Events of the past year have made governments open to new approaches to ensuring rapid, large-scale deployment of offshore wind. We propose five priorities for governments seeking to apply the mega-project approach:
Maintain a regular drumbeat of project allocation rounds but enhance these with transformative 15GW mega projects, developing domestic industry to drive UK achievement of key deployment milestones in the race toward net zero. To bolster certainty that mega-projects will be executed, options to adjust contract awards for inflation and to extend Regulated Asset Base financing, where appropriate, could be considered.
Consenting is currently a bottleneck for fixed and floating offshore wind. Innovative technologies could reduce consenting timelines from an average of five years to three years, while increasing confidence in decision-making for all stakeholders, if given appropriate recognition from regulators.
Against a stable backdrop of mega-projects with significant volume located in key geographies, regional innovation clusters should be expanded to drive scale-up and business transition. A programme of key demonstrators – towers, blades and floating platforms are some of the priority areas – should be developed to pump-prime the UK supply chain, and de-risk UK technologies in areas where we can be genuinely world-leading. Existing growth programmes which are working well, such as the industry-funded Offshore Wind Growth Partnership, should be boosted.
Mega-projects will establish the location, scale, timing and investor interest to enable confident public-private investments in ports, grid and other critical infrastructure, including offshore grids and green hydrogen. This low-risk investment profile will attract new, lower risk-appetite investors.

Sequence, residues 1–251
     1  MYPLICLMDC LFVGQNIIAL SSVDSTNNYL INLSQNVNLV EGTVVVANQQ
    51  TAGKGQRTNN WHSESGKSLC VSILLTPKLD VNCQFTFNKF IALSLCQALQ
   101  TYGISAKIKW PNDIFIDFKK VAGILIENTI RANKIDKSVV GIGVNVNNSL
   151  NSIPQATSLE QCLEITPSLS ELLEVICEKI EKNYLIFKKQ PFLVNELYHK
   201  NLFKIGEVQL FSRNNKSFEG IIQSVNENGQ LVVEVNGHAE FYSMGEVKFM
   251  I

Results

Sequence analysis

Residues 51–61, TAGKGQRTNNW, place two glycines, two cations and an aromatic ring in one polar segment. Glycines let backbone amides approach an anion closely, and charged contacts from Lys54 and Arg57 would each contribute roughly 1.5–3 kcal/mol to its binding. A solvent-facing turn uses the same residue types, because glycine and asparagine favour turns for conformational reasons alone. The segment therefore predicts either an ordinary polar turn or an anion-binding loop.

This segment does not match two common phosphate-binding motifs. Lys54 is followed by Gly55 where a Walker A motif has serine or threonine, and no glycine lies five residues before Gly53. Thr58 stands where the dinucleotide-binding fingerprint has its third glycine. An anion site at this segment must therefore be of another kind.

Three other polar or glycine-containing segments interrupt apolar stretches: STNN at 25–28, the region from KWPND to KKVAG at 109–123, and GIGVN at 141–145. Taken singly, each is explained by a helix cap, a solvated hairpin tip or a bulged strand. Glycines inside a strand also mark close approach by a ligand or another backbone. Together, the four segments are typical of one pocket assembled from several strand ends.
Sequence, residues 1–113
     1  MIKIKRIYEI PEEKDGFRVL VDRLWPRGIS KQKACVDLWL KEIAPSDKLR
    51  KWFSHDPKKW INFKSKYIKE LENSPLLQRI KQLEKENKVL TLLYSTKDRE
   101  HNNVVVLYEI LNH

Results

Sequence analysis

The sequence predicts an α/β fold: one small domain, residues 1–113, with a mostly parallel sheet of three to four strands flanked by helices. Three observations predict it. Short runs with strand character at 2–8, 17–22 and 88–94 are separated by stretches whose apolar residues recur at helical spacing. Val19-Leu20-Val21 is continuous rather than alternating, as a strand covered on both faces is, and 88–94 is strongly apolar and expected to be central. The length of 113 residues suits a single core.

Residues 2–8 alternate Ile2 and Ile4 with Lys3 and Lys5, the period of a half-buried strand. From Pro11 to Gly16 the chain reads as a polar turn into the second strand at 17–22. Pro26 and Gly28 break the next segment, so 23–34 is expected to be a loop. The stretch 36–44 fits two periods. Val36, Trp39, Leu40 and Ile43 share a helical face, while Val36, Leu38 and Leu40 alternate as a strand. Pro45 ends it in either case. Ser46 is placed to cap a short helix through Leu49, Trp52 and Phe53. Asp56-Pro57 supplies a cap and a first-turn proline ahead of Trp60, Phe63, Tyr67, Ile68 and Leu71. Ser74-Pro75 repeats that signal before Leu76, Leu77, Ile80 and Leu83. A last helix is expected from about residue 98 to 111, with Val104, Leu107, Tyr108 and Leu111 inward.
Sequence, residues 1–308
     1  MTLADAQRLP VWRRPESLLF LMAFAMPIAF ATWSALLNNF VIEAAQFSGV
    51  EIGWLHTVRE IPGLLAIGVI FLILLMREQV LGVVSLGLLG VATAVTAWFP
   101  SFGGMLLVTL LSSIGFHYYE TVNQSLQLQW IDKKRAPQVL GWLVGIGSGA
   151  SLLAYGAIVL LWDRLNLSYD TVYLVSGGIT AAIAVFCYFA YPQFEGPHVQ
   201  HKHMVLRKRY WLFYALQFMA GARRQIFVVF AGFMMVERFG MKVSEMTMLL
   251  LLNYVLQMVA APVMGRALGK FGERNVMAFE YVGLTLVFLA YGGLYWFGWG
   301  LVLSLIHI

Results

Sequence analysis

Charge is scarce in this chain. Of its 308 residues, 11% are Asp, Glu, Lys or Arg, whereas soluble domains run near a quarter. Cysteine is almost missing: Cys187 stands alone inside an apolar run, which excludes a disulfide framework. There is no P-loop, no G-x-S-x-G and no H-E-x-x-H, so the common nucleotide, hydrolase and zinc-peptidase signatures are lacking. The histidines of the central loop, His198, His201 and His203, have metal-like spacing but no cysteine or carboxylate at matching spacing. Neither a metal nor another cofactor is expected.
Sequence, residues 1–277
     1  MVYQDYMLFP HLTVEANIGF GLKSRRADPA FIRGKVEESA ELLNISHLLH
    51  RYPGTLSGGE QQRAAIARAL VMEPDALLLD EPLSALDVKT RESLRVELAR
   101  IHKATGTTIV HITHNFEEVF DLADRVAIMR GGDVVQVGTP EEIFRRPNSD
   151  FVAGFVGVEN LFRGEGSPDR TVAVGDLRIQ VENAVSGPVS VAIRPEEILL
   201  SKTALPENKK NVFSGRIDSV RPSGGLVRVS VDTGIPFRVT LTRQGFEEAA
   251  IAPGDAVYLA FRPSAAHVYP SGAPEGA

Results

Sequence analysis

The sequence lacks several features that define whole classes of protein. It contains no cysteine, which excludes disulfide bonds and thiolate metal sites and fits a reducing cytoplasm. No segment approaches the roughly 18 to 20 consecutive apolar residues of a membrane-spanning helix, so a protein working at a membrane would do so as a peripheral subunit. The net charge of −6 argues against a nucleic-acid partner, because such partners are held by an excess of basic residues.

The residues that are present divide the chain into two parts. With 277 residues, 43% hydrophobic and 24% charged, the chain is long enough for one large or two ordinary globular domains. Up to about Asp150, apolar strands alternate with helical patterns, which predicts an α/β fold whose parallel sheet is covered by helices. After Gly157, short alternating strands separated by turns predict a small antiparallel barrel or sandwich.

Mega-projects will have bigger budgets and longer timescales to support de-risking and learning. The UK will be able to leverage its leading research and testing facilities to learn from rigorous testing of OSW hardware. Larger projects will also allow sustained R&D over multiple years, and full-scale demonstrations will be more easily accommodated in a mega-project with 300-1,000 turbines, creating entry points for innovation which ordinarily gets locked down at the auction bidding stage. Floating wind, in particular, is at a stage where it will benefit from increased certainty and scale.
European countries are alive to the need for greater scale in offshore wind development. The nine member countries of the North Seas Energy Cooperation (NSEC) recently agreed to coordinate auctions of around 15GW every year and award almost 100GW by 2030. NSEC countries cite the potential for jointly planned mega-auctions to ‘increase predictability in the wind power sector and facilitate better cooperation and coordination on cables, pipes, port infrastructure and access to resources, and help the sector with its mid- and long-term (financial) planning’. The UK was an observer at the relevant NSEC meeting in the Hague on 20th November.
Political leaders rightly expect offshore wind to be the backbone of our future energy system. Mega-projects, if configured in the right way, could be the best approach to achieving the required scale and pace of deployment, and unlocking the prize of clean, affordable and secure energy while creating sustainable growth in regions of the UK which need it most.
This blog was written by Dr. Steve Wyatt, Director – Strategy and Emerging Technology